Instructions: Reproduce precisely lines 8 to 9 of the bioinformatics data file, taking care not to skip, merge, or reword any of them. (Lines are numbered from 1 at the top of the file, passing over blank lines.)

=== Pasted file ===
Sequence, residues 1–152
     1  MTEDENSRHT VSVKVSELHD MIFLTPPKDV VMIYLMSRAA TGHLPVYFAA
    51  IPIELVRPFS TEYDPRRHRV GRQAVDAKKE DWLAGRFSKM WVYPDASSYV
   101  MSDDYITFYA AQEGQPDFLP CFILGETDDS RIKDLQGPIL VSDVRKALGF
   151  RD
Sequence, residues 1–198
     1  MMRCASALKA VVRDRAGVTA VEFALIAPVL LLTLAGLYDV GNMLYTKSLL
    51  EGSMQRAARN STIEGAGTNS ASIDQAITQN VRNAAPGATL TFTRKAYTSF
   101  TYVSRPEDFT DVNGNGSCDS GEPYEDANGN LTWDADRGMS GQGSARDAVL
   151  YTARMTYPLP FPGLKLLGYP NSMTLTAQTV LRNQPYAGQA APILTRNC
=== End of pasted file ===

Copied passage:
    51  EGSMQRAARN STIEGAGTNS ASIDQAITQN VRNAAPGATL TFTRKAYTSF
   101  TYVSRPEDFT DVNGNGSCDS GEPYEDANGN LTWDADRGMS GQGSARDAVL